Tuesday, July 5, 2011

GMMSCC - The Way Forward

It is that time of the year, again. Yes people, the time has come for us to say goodbye. We bid adieu with a heavy heart and resign ourselves to undergo that frustrating wait till April 2012, when we can rejoice once again. No, I am not talking about the IPL 2011 which came to an end two months ago (Though Chirayu Amin, whose full time job consists of sitting and yawning at cricket grounds for two months and plan for the succeeding year’s yawn session for the next ten months, might deny the very fact that the IPL 2011 has, in fact, concluded). I am talking about a far superior season than the IPL, Big Bash or, for humour’s sake, the SLPL. I am talking about the MANGO SEASON.

With the summer down to its last embers and monsoon accentuating its stronghold all over India, the Mango season (I turn yellow with fear every time I even think about it) has come to an end. Yes, the king of fruits is set take a nine month vacation and there seems to be no visible escape route from the perpetual torture of ‘Sweet Lime’ at least for the next ten months.

Mangoes bring us happiness, satisfaction and a sense of fulfillment every time we devour them. The realms of ecstasy we experience when we suck at the enormous mango seed till each and every drop of its pulp gets deposited into our digestive tract is something unrivaled. These are reasons enough for us to wish for perennial cultivation of mangoes and start an aggressive agitation called ‘Global Movement for Mango-Suited Climate Change’ with Jairam Ramesh at the helm and Baba Ramdev lending moral support. But there are some other prominent points which we have overlooked for a long time now. With my pointing out of those, I have a feeling that GMMSCC will gain massive foothold in the coming months.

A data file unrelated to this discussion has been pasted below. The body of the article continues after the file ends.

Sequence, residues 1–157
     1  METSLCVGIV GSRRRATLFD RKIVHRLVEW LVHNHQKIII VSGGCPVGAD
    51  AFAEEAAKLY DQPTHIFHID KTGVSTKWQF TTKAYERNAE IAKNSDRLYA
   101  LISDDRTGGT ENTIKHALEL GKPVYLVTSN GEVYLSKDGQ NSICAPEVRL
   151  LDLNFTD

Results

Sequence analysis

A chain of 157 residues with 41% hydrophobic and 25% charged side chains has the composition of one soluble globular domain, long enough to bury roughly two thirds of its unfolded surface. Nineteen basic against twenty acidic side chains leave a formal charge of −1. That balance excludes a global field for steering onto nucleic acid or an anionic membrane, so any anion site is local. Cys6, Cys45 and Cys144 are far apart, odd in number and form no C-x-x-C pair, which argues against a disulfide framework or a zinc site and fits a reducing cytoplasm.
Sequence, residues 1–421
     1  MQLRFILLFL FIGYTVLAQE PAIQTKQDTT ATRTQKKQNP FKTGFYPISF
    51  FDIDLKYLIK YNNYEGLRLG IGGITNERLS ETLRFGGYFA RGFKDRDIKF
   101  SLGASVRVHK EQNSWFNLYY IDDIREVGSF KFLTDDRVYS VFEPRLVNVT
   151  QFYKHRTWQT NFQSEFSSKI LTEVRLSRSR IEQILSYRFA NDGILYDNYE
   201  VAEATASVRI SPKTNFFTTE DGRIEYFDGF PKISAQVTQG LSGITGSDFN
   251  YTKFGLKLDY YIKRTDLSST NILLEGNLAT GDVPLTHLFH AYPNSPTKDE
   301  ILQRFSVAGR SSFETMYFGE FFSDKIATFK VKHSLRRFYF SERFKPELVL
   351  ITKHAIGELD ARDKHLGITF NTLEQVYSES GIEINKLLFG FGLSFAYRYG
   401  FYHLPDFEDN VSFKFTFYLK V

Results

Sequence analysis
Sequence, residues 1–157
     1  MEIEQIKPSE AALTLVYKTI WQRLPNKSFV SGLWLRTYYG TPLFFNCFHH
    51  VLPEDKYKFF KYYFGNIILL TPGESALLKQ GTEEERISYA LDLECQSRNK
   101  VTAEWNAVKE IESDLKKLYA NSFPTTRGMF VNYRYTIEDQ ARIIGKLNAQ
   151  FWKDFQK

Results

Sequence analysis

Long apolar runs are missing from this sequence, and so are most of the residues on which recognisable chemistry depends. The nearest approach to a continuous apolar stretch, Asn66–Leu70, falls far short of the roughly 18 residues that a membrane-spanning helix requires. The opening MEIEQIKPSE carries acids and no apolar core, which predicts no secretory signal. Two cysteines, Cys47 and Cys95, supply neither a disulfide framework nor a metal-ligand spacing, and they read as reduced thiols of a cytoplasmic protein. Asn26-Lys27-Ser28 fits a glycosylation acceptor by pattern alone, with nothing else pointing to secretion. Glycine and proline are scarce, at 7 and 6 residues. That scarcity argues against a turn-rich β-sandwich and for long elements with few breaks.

Mangoes have always strived to transform little known people into famous personalities. I mean, would we have even known Kylie Minogue, the now famous Australian pop-star, if a variety of mango hadn’t been named after her? And don’t tell me you knew any Sheila other than ‘Sheila ki Jawaani’ before reports started flowing in that there was actually some Sheila dwelling in the capital city of Delhi and a variety of mango has been named after her and not Katrina Kaif! It turns out that she was the Chief Minister of Delhi. And though Aishwarya Rai’s case is a little different as she had already won some local beauty contest organized by the UK and by the virtue of that had become somewhat well-known, even she can’t deny the fact that she began to gain more and more popularity after a Mango-variety got named after her. Recently, she has been storming the news reports and bulletins of all media houses in the country. The fact of her being pregnant might have played a slight role in this but one can’t ignore the ‘Mango-Effect’. Now, there are strong rumours from RCR that extensive efforts are being put in to cultivate a variety of mango to be named after the Prime Minister of India in order to turn him into a famous personality. As per ‘closed-door rumours’, the first trial cultivation has yielded a bland, tasteless variety.

Mangoes are also the perfect companions for Single guys. They go through the never-ending struggle of trying to landing a girl friend day in and day out. But at least during the three months of the Mango Season they will have something similar to a girlfriend for company. Mangoes are, after all, sweet-smelling, nurturing, tender, smooth-skinned, delicious and supple.

Mangoes have also provided a significant contribution to the English Literature. It has metamorphosed one of the most complicated sentences in the English language. Instead of saying ‘The advanced anthropological evolution of a species of Australopithecus makes a retreating motion’ one can, now, simply say ‘Man goes’.

With such telling impacts it has on society it is high time we take up a cause in favour of Mangoes and popularize GMMSCC.

I might have sounded like a starry-eyed romantic ranting on about some silly fruit, but it would suffice to say that I am an ‘AAM AADMI’ after all. 

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